Priorities have changed for the Minnesota Wild. It’s time to declare the Parise-Suter era is officially over. Those words are not going to be easily chewed upon by Wild owner Craig Leipold. It’s a tougher swallow when one realizes the money shelled out to both players. The dream of those two along with a young, up-and-coming core leading to deep playoff runs and a potential Stanley Cup is all but dead.
The reality is that the Wild must force Zach Parise and Ryan Suter to take a backseat approach to this latest iteration of the franchise. Moving out from underneath the twin $98 million contracts is not going to be an easy task. It’s one that, if a trade deal is struck, will end up haunting this team. Cap recapture is a real thing, and the Wild desperately needs both players to reach the finish line of their contracts — now with five years remaining.
As soon as Paul Fenton dug into the young core of players like Nino Niederreiter, Mikael Granlund and Charlie Coyle that Chuck Fletcher assembled, the window with Parise and Suter slammed shut. Kevin Fiala, Kirill Kaprizov and the next crop of prospects will have to carry this team forward.
With the presupposition of the Wild taking a shortcut to the rebuild with Suter and Parise, the Wild must exercise patience and shrewdness this time around. Making the playoffs shouldn’t be the priority next season. Should the Wild perform well enough to make the postseason organically, it should be allowed to happen. However, Guerin cannot go chasing a playoff berth.
That means that if a trade involving a real No. 1 center isn’t there, don’t force a move. It means that the Wild shouldn’t be overly active in free agency this offseason. It also means that letting contracts expire rather than buying out must occur.
For any of that to happen, the urgency within the organization to win must temporarily be placed on the back-burner.
It also means the Wild, for next season, will largely look the same.
Mikko Koivu and Alex Galchenyuk come off the books this year. Devan Dubnyk, Eric Staal, Greg Pateryn and Brad Hunt are all set to expire after next season. That kind of roster space and cap flexibility makes the Wild a serious player in next summer’s (fall’s?) free agent frenzy. It also means they can take on more salary in blockbuster-type deals.
Aside from holding on to the Wild’s restricted free agents, allowing contracts to expire relieves the long-standing logjam on the roster. It’ll allow the Wild to call-up a goaltender and give the other more playing time in Iowa. No one knows how prospects like Alexander Khovanov, Adam Beckman and Matt Boldy will translate to the NHL. The openings on the roster, however, will give the Wild a chance to see what those prospects can or can’t do.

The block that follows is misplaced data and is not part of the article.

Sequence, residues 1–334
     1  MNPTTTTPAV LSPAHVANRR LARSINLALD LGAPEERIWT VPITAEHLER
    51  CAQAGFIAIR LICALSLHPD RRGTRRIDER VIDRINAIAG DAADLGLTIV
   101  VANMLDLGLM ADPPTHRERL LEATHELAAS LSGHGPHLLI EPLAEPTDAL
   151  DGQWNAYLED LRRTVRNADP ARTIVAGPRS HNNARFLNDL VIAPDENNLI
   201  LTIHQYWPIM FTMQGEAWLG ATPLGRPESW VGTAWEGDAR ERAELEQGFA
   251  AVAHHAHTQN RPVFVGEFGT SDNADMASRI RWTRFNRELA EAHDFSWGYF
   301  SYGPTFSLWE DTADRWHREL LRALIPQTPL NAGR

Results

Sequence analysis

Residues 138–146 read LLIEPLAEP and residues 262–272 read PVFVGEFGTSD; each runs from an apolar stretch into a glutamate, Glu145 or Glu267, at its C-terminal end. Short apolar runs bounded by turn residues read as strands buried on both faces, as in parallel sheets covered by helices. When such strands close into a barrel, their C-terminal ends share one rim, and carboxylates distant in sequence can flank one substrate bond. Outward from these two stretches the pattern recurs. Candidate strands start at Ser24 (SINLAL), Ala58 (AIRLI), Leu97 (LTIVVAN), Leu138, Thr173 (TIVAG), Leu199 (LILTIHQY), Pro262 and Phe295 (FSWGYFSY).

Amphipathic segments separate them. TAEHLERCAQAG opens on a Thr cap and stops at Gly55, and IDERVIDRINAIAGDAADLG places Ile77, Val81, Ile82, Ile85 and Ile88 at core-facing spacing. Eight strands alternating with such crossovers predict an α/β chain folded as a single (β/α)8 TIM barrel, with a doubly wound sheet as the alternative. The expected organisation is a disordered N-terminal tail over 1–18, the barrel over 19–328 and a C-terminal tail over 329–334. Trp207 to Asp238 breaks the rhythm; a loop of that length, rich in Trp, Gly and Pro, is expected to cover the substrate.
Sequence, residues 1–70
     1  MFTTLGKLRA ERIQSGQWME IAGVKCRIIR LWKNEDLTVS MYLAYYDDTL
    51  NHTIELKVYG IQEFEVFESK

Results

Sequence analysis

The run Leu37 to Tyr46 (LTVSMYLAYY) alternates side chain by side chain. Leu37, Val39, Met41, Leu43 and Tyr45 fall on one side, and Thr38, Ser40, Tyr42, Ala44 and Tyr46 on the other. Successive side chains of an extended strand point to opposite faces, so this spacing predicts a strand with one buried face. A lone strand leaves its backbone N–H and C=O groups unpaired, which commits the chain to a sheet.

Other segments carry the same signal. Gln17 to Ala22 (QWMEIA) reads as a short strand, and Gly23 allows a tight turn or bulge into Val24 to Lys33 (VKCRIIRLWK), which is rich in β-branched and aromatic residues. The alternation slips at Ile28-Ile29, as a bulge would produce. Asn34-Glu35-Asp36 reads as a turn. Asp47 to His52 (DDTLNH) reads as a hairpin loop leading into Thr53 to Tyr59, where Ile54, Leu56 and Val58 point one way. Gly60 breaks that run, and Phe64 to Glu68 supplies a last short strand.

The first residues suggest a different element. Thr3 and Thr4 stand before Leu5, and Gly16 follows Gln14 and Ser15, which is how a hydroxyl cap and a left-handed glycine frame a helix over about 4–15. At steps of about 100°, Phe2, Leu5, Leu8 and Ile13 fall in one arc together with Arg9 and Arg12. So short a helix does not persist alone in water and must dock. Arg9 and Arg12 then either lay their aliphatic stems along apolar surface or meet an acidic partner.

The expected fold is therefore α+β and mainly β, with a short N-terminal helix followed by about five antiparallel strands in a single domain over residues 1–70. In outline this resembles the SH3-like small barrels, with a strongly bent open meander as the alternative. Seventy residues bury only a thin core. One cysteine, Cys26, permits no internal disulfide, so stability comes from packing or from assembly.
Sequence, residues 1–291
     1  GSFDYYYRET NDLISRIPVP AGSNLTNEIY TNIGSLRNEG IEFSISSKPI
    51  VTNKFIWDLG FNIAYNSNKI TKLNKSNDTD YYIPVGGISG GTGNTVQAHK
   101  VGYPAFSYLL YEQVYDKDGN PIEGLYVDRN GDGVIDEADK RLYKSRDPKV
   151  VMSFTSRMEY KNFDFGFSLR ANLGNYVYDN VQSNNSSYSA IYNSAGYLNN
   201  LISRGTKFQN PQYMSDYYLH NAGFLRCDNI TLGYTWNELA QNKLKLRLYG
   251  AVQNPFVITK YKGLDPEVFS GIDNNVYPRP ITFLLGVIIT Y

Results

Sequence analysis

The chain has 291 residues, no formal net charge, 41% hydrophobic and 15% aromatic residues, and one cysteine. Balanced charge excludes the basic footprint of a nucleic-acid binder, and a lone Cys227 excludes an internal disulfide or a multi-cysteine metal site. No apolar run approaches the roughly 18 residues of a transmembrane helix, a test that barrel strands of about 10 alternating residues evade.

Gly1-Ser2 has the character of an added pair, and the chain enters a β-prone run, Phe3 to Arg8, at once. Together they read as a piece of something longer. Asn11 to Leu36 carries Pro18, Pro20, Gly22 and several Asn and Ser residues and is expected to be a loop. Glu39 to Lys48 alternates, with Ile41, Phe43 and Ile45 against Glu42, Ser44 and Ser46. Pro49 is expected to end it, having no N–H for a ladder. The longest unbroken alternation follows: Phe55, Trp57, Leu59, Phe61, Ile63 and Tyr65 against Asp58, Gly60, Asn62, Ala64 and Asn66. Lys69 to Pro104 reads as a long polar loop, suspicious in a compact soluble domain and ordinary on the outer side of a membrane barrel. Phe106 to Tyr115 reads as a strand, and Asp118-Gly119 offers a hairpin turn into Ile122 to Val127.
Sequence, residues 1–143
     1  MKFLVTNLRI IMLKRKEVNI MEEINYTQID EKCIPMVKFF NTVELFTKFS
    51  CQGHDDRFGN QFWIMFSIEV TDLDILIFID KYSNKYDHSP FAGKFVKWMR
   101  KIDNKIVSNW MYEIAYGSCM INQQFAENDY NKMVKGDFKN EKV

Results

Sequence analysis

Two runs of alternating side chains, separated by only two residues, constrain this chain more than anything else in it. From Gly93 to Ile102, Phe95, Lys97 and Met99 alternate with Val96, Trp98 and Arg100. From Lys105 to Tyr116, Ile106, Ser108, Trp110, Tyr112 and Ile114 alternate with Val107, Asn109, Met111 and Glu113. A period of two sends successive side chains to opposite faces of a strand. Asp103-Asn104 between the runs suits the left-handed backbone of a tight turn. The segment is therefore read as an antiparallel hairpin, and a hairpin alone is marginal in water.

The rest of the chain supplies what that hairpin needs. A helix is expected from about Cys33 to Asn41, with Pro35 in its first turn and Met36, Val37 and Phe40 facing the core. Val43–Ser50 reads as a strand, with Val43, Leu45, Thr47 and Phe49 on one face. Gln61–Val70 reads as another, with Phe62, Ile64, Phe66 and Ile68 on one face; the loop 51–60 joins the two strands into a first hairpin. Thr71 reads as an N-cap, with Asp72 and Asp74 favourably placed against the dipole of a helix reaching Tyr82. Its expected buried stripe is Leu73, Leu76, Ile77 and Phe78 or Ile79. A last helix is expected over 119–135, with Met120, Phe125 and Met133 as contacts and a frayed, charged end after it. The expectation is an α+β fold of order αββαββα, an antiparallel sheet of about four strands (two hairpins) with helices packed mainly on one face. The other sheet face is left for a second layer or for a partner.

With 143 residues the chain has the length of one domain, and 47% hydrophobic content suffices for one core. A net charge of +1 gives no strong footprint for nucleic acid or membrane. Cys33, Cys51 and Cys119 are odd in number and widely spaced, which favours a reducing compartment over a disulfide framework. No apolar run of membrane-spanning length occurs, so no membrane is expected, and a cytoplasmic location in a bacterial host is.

Minnesota hasn’t had that kind of flexibility since 2011.
Guerin needs to communicate his plan and execute it. Fans can be patient if they can see a clear path to getting better. Fenton’s plan was to get younger and faster. His moves were confusing and short-sighted at best. No doubt the Fiala trade worked out. But that was a trade for a player with which he was familiar. The trade for Victor Rask was short-sighted. Finally, the Zuccarello deal contradicted the plan he said he was trying to execute. The key for Guerin is to exercise some restraint these next couple seasons. By bringing prospects up and getting old contracts off the books, it’s the most sure-fire way to get younger more quickly.
That won’t be an easy task with who his owner is. A GM needs to manage expectations with fans. Most importantly, for the Wild, their GM will need to manage expectations with Leipold. He needs to be completely on-board for any sort of retool that requires some patience.
A rebuild, a retool or a tweaking, whatever you want to call it, takes time. With Parise and Suter on the roster, there’s an added bit of complexity. There are five seasons remaining on the big money contracts. Those two are also 36 years old and on the last legs of their career. It’s no longer their team. The Wild is better served to use patience and shrewdness in the final five seasons rather than milk every last drop out of the deals.